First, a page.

Secret of the Civil War: UC Historian Uncovers Lost History of 'Tri-racial Army'

The intricacies and intrigue of the Civil War have proven to be a rich source of stories that fascinate modern-day Americans, and now UC Professor of History Mark Lause has added another chapter to that canon: a just-published book he authored details an audacious but largely overlooked effort to construct a tri-racial unit of the Union Army for fighting on the war’s western-most front.

“Race & Radicalism in the Union Army” tells the story of a fighting unit made up of white disciples of John Brown, runaway black slaves and displaced American Indians who subverted Confederate adventurism into what later became Oklahoma near the war’s front in the summer of 1863. Fighting in a battle near

Honey Springs

, the Union force was outmanned by a 2-to-1 ratio, yet still sent the Confederates scurrying back to Texas in what Lause calls “the most significant Civil War battle fought in the Indian Territory.”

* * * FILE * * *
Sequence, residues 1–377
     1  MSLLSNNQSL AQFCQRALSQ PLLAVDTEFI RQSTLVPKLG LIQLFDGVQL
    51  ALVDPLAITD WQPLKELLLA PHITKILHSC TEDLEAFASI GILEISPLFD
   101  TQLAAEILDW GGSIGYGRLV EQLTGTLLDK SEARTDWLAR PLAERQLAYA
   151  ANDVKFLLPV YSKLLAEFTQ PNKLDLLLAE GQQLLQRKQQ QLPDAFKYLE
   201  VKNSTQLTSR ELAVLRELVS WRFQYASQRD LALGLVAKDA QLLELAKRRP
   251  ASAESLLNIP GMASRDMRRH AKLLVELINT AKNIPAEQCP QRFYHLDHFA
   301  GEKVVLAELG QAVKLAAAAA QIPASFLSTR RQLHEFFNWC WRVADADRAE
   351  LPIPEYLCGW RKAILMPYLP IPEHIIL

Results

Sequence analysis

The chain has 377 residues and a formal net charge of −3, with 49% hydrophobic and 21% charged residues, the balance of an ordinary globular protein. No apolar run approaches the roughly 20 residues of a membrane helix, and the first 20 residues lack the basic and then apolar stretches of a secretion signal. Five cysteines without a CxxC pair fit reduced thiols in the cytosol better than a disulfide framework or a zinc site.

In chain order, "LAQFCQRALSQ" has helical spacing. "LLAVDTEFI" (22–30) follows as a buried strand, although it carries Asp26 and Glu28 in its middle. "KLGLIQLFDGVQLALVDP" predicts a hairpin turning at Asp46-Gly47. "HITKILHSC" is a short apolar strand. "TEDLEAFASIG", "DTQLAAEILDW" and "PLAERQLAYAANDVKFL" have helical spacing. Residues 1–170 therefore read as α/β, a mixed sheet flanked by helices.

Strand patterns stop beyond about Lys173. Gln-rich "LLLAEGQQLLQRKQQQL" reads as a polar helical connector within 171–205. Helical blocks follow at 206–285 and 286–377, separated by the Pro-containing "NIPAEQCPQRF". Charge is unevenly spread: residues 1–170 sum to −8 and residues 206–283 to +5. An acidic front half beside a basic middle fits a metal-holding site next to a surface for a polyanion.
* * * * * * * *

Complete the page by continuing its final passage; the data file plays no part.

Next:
The men who originated the idea for the army were abolitionist followers of Brown who had come from the east a decade earlier when they heard Kansas was on the verge of being opened to slavery.  They remained in Kansas, though, when Brown migrated east to plan his famous raid, as they doubted the plan’s chances for success.

Sidebar: Cincinnati Ties Found Among John Brown's Followers

Sidebar: Lause Adds New Book on New York Bohemians of the 1850s

“After the war broke out, these people were involved in assisting runaway slaves in refugee camps and especially large numbers of Indians who had been driven out of the Indian Territory,” says Lause. “So they came up with this plan for putting together a multiracial Union Army on the western frontier. It was going to consist of Indians who were raised and recruited as Kansas regiments and would go as home guards back into the Indian territory, and it included the first organized group of black soldiers that went into combat in the war.”

The black soldiers, according to Lause, had their first battle experiences serving as part of the Indian regiment a year earlier than the famed 54th Massachusetts unit that was depicted in the movie “Glory.” (All the newspaper reporters of the time were in the east, Lause theorizes, in explaining the discrepancy in their relative fame.)  The black soldiers eventually came to fight as their own unit, the 1st Kansas Colored regiment.